Foxconn’s electric car unit depreciates amid a challenging industry outlook. Foxtron Vehicle Technologies (2258. TW), a division of the Taiwanese contract maker Foxconn (2317. TW), declined its share price on its first day of trading on the market on Monday. This was due to concerns about headwinds in the highly competitive market for electric vehicles.
Foxtron shares did manage to recoup some of their earlier losses, which reached as high as 9%, and ended the day down 2.7%, giving the company a market capitalization of approximately $2.7 billion.
Inflation and increased loan rates have increased the cost of purchasing a vehicle. In addition to these factors, electric vehicle manufacturers contend with supply-chain bottlenecks and pricing pressure.
The electric vehicle (EV) industry has been swamped by a red sea of price reductions by key players such as Tesla, according to an analyst at Mega International Securities who asked not to be named, citing the firm’s regulations on commenting publicly on listed firms. Significant players like Tesla have “flooded the EV market with a red sea of price cuts,” the analyst claimed. “Foxtron has lost money in 2021 and 2022, and we don’t think it will turn that around in the next two years.”
The local automobile manufacturer Yulon (2201. TW) is a partner in Foxtron, a joint venture between Foxconn, the largest contract manufacturer in the world for iPhones and other consumer electronics, and Yulon. Currently, it is only working with one customer, Luxgen, which belongs to Yulon.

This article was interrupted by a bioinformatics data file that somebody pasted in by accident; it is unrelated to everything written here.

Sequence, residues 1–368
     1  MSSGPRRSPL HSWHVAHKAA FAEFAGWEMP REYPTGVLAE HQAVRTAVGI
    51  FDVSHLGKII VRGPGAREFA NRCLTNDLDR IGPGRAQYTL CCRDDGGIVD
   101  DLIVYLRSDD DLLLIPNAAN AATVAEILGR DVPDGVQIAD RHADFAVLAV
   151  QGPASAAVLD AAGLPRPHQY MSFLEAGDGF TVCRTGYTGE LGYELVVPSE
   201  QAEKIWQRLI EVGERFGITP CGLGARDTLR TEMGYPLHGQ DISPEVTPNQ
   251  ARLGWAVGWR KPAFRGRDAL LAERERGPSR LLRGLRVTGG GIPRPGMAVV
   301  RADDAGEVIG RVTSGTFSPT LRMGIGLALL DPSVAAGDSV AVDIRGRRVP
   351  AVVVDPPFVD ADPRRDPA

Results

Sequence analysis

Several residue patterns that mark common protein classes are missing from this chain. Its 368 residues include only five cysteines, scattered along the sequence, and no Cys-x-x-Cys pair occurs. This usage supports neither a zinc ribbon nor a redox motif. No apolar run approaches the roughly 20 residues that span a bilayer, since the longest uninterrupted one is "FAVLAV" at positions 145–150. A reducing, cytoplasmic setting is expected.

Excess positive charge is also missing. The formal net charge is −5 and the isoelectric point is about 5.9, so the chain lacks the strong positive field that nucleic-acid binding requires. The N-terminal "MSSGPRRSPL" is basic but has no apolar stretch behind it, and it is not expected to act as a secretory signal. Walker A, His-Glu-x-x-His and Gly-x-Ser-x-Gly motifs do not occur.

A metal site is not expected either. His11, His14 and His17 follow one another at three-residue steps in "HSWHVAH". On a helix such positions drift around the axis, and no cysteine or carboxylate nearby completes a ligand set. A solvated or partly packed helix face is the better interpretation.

However, according to Young Liu, who serves as chairman of both Foxtron and Foxconn, the corporation has a distinct plan for expanding its operations.
“Foxtron will build its foundation in Taiwan, leveraging our own design and service momentum in EVs as well as Foxconn’s proven business models to guide our entry into the North America and Southeast Asia mainstream markets.”
During the initial public offering, the company was able to collect 7.5 billion yen, which is equivalent to 235 million dollars. Separately, Liu declined to comment on what contingency preparations Foxconn has in place if founder Terry Gou completes his candidacy for Taiwan’s presidency by registering with the electoral commission. Gou has until Friday to complete this step, and he has the opportunity to do so.
China announced it was looking into Foxconn’s tax situation a month ago. The Chinese media, which revealed the investigation, attributed the action to Beijing’s displeasure with Gou’s intention to run for president.